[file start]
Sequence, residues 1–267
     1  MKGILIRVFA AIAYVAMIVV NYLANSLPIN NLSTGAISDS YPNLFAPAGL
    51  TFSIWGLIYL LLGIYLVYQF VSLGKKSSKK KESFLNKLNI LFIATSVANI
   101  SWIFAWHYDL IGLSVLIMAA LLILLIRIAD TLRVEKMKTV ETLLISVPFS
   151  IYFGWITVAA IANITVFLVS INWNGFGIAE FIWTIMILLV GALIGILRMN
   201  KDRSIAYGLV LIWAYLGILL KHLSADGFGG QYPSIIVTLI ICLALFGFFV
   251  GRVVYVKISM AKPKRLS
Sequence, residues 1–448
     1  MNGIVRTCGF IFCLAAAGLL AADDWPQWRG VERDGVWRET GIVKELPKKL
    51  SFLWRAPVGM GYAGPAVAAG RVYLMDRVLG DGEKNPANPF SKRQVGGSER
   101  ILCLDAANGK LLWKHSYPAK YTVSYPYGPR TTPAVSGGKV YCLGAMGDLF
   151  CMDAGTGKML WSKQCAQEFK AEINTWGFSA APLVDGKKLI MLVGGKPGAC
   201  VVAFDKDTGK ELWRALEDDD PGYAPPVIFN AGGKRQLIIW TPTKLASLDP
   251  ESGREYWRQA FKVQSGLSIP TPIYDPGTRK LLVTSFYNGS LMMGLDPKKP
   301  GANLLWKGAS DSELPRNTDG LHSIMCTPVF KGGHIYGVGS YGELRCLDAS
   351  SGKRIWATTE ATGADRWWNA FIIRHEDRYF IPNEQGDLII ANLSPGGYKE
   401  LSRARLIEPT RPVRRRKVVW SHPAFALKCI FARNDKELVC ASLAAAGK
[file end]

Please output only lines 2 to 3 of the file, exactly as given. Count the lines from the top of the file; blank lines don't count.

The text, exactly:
     1  MKGILIRVFA AIAYVAMIVV NYLANSLPIN NLSTGAISDS YPNLFAPAGL
    51  TFSIWGLIYL LLGIYLVYQF VSLGKKSSKK KESFLNKLNI LFIATSVANI